5. Gluttonous over-consumption is at the heart of many of our social problems; so while these significant though somewhat superficial issues are being focused on, what about the much larger issues of unsustainable development, spending and wastefulness, weakening regulations and indifference to the good citizen mandate of reporting wanton abuse by a significant percentage of the population? I try to bring the Trader Joes $1 bags when buying groceries but I see that as a small and relatively insignificant part of responsible consumerism. The Europeans have been devoted to thrift and ecological living for years; how long will it take for us to wake up to more responsible living standards as if the well over 7 billion other people on the planet really mattered?

  6. How about banning the plastic in which restaurants put ones leftovers? Those are not recyclable. Tin or waxed cardboard boxes (like the ones Whole Food uses for their salad bar) could be used instead. And how about banning plastic straws?? I’m all for cutting all the plastic we can!!!

  7. At the risk of sounding crazy, I think the case is easily made that single-use plastic doesn’t really “help” the environment that much.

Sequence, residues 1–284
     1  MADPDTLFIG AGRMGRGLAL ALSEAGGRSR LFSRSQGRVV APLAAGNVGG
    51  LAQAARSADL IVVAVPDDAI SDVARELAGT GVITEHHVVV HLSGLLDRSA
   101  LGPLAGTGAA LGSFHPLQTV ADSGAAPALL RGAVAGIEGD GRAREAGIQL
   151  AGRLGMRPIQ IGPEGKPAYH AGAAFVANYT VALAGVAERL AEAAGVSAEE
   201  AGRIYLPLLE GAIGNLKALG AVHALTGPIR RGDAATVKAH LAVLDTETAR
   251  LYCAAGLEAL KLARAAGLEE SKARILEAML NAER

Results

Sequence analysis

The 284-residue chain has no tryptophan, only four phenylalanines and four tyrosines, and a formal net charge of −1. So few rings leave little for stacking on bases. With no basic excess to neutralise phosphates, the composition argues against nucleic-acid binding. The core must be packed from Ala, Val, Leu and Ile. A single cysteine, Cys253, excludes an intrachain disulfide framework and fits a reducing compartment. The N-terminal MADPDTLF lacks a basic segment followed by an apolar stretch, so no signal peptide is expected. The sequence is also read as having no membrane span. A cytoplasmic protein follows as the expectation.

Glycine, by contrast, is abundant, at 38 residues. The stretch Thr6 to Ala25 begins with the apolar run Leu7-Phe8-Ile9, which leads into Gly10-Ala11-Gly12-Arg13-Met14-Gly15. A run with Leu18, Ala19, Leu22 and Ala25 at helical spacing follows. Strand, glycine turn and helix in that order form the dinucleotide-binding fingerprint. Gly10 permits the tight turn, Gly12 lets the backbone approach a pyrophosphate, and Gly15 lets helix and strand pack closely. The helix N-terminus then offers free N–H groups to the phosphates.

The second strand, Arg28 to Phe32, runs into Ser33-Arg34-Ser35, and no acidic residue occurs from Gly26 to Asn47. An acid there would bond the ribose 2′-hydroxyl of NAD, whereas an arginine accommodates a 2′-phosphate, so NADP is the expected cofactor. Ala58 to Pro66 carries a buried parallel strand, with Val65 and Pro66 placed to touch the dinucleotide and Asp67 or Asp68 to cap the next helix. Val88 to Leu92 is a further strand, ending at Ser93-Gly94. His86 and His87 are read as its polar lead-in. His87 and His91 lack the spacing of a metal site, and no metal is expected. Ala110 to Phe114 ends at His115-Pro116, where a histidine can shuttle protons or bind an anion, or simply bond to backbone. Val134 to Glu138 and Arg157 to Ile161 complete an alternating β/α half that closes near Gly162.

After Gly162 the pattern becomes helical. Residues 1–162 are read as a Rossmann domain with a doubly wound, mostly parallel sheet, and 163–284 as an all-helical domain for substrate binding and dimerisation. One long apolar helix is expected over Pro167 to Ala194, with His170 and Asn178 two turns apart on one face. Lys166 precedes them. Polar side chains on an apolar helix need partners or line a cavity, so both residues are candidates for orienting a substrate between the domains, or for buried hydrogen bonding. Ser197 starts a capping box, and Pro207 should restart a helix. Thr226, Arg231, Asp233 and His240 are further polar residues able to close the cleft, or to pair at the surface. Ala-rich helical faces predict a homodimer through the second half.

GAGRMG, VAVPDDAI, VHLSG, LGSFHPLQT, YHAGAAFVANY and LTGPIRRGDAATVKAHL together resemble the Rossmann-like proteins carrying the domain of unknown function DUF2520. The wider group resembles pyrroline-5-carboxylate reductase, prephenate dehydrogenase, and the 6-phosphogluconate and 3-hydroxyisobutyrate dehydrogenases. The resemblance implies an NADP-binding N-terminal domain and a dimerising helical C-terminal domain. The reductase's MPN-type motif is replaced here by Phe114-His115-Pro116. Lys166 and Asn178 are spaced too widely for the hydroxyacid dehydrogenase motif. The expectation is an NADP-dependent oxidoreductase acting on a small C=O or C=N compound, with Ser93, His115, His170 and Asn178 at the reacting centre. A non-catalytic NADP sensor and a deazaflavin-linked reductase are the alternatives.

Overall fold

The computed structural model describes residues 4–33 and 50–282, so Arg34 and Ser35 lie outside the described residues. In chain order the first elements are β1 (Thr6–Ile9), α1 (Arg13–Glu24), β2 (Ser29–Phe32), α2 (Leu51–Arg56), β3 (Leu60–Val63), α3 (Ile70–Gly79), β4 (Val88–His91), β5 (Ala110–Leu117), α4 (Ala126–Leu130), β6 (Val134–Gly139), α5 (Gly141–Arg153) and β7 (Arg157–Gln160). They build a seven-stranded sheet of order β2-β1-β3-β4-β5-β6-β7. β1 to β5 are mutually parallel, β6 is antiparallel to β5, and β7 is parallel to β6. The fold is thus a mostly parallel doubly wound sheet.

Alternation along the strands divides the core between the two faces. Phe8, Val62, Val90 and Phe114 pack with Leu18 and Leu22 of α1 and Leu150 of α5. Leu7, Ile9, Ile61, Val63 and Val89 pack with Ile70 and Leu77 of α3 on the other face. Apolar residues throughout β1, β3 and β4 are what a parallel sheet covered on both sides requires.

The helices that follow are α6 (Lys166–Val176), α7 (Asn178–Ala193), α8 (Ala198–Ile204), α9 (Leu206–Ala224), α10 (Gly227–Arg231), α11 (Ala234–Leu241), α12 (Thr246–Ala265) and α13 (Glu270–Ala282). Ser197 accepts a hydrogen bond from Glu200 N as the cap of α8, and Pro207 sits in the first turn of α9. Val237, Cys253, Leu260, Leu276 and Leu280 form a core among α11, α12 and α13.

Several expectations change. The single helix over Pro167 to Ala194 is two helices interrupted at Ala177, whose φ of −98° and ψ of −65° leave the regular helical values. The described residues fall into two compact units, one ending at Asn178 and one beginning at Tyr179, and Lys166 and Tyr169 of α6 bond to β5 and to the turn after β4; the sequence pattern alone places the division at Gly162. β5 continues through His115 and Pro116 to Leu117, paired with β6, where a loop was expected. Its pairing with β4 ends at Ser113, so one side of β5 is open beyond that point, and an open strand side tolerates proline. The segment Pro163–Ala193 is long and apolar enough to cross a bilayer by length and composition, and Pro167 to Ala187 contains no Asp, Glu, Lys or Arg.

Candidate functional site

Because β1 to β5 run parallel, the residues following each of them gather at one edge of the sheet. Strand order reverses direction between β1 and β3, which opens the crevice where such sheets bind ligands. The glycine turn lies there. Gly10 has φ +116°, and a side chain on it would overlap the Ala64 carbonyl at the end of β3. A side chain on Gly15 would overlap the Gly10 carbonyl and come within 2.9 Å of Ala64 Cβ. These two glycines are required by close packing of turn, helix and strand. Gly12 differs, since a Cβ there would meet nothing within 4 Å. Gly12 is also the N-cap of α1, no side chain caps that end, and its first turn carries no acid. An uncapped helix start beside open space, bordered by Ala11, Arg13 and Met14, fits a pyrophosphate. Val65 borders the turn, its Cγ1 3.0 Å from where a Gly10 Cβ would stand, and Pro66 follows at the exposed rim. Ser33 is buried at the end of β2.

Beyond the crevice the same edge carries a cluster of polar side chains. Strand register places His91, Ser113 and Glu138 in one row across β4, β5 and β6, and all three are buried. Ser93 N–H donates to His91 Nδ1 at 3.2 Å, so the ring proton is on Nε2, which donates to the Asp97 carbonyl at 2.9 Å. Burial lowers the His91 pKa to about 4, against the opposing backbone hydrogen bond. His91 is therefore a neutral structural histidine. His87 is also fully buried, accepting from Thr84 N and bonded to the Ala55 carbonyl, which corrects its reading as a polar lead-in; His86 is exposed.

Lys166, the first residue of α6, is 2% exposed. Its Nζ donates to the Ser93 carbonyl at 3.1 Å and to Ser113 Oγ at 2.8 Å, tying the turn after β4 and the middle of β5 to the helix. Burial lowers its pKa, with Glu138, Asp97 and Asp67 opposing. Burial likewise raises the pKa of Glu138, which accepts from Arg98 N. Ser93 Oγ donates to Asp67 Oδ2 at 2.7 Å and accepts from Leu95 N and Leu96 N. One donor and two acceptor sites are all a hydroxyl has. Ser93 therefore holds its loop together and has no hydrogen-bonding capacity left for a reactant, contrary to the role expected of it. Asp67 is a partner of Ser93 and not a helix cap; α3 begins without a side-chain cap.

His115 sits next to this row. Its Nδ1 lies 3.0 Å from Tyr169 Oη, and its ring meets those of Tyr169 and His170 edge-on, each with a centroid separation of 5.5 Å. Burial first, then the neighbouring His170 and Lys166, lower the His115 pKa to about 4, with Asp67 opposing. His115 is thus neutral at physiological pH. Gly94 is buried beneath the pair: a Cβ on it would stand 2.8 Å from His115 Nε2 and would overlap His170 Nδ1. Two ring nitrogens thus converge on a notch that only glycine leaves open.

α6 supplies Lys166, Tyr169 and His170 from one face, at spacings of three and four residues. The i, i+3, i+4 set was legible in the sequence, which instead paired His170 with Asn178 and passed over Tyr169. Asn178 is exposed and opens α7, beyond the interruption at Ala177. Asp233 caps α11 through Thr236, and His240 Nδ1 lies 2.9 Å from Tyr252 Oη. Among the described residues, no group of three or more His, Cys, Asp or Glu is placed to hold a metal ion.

If anything, studies show unanimously that the absence of single-use plastic is always good news for rivers, storm drains and landfills.

    Are plastic bags convenient? Most certainly. If someone likes using them a lot, will they have to adjust to living without them? Of course. Will that adjustment be the hardest thing in the world? Hopefully not, and most likely no more than when the world switched from styrofoam cups to paper ones.

    Many cities in the U.S. have banned them in the past several years, and a couple states. Somewhat embarrassingly, pretty much the rest of the entire world is ahead of the U.S. on this issue, banning it, partially banning it and/or taxing it in most of Europe, South America and all of China.

    Whether you care about the environment or not, the facts are that single-use plastic has a very short lifespan for what it’s intended for (taking groceries home, etc.,) and a very long lifespan for properly getting rid of it.

    And that part takes a lot of resources (read : money and labor) for collecting, cleaning, processing and disposing. Resources that could go to a zillion other things.

    There is a lot of data out there supporting the idea of banning single-use plastic. Here is some that’s hopefully helpful :

    Since banning single-use plastic in 2012, San Jose, CA has seen an 89% reduction in plastic bags in storm drains, a 60% reduction in creeks and rivers, and a 59% drop in residential plastic waste.

    Similarly, Seattle has seen a 48% drop in residential plastic bag waste, and a 76% decline in commercial plastic bag waste since their ban in 2012.

    And state-wide, California has seen a 70% decrease in plastic bags as coastal garbage.

    And, for what it’s worth, New York state is looking to ban them as well in the coming year.

    Let’s do the right thing and join the right side of history on this one. Please.

Leave a Reply

Your email address will not be published. Required fields are marked *